Dick Brown thought he was going to be an 18-year-old naval aviator in 1944. He quickly found out the military had more young flyboys than it needed.
The 80-year-old former sailor ended up in charge of two quad 40-millimeter anti-aircraft guns on the port side of the aircraft carrier USS Intrepid, (CV-11). The ship had just returned to San Francisco during World War II when he went aboard.
Brown served on the Essex Class carrier when she saw action at the Battle of Leyte Gulf, Iwo Jima and Okinawa. He was aboard the Intrepid when she was hit by Japanese kamikazes at Leyte and Okinawa that put the 872-foot-long ship temporarily out of commission.
“I climbed out of the back of an Navy truck in San Francisco during the late summer of 1944, and there at the pier was the biggest ship I’d ever seen in my life. It was the USS Intrepid,” the old salt recalled. “She was in port for repairs. I went aboard and was assigned to a 40-millimeter anti-aircraft gun. I was a 3rd Class Petty Officer put in charge of these guns.”
A few days later the Intrepid sailed for Pearl Harbor. The carrier was loaded with extra planes and equipment headed for the fight in the Pacific.
The fleet, which included the Intrepid, sailed out of Pearl headed for the Philippines. In early September it attacked Japanese airfields in the Palau Islands and a few days later struck more airfields in Mindanao. By mid-October the Intrepid was threatening enemy installations on Leyte.
“On Nov. 25, 1944, we were hit by a couple of kamikazes within two minutes of each other during the Battle of Leyte Gulf,” Brown said. “The first kamikaze hit the aft part of the flight deck. Fortunately I was on a gun at the other end of the ship.”
A number of officers and men were killed in the twin kamikaze attack. However, the carrier held her position in the task force during the historic air battle of Leyte Gulf and managed to put the fire aboard ship out in two hours.
After the battle subsided, the Intrepid sailed for Pearl Harbor and eventually San Francisco for repairs. She arrived on the West Coast on Dec. 20, 1944, and two weeks later the carrier was ready for sea once more.
“We reached the war zone in time for the Battle of Iwo Jima. As I recalled, there weren’t any big problems for our carrier at Iwo, but that wasn’t the case when we moved on to Okinawa,” Brown said. “Four or five kamikazes would attack us at a time at Okinawa. Some would come in high and others would attack low.
“I remember this one time when the battleship New Jersey was off our port at Okinawa and we were firing our 40-millimeters at two kamikazes that flew low between our two ships,” he said. “I have no proof we fired into the New Jersey trying to shoot down the kamikazes, but I’m reasonably sure we did.”
Planes from the Intrepid flew ground-support missions hitting Japanese installations on Okinawa. Two weeks into the 82-day battle the carrier was struck by another kamikaze that hit its flight deck. Eight Intrepid sailors were killed in the suicide attack and 21 were injured.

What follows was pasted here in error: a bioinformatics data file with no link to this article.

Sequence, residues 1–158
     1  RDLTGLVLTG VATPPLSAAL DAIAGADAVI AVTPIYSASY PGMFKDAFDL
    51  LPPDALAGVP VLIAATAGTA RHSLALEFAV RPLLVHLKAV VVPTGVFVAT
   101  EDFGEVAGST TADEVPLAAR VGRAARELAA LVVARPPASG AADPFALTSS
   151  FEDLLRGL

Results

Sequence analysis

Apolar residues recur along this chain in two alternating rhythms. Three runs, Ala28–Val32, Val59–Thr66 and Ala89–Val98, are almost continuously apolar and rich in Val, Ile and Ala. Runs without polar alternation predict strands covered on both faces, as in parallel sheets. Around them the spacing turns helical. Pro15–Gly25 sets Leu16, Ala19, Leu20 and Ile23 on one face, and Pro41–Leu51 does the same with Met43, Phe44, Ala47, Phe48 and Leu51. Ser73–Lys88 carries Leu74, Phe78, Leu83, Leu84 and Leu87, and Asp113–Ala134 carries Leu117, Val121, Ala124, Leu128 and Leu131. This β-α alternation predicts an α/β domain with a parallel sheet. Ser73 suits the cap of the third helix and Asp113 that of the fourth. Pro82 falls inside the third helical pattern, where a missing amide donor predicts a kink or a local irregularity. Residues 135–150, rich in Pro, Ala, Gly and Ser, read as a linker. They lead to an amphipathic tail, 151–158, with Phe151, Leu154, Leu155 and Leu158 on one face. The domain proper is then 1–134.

“When the kamikaze pilot’s plane hit, he rolled from the cockpit of his destroyed plane onto the deck. By the time he stopped rolling there wasn’t much left of him,” Brown said.
The kamikaze attack put the Intrepid out of service a second time. It headed for Pearl Harbor and on to San Francisco once more for repairs. The carrier arrived back in the states on May 19, 1945. Approximately six weeks later it returned to sea and the battle in the Pacific with Brown aboard.
“When we got back to Pearl they took me off the ship and sent me to Guam by plane,” Brown said. “It was mid-July, and I was only on Guam 24 hours when I was flown to a seaplane base at Saipan,” he said. “I ended up on a PBY ‘flying boat’ flying air-sea rescue missions. We were looking for B-29 bomber crews who crashed at sea during their raids on Japan.”
Shortly after Aug. 6, 1945, the day Lt. Col. Paul Tibbets dropped the first atomic bomb on Hiroshima from a B-29 called “Enola Gay,” Brown’s PBY crew members learned about the super bomb from a nearby Marine Corps unit on Saipan.
“The Marines told us,” he said. “We had dropped the damnedest bomb anybody had ever heard of on Japan.”
A few days later World War II was over.
After the war Brown took the G.I. Bill, graduated from college and in 1952 accepted a teaching and coaching position at Venice-Nokomis High School. For the next 27 years he would be an assistant football coach and head baseball and basketball coach at the high school.
After retiring from teaching he started Gasparilla Charters, a sport-fishing business he ran out of Gasparilla Marina in Placida. Brown and his charter boat crews fished the waters of Charlotte Harbor primarily, but sometimes fished as far south as Fort Myers.
He and his wife, Gerri, live in Rotonda. Brown still has the ceiling of his garage filled with spin-fishing outfits ready to take on the big one lurking in local waters.
This story was first published in the Charlotte Sun newspaper, Port Charlotte, Fla. on Monday, May 28, 2007 and is republished with permission.
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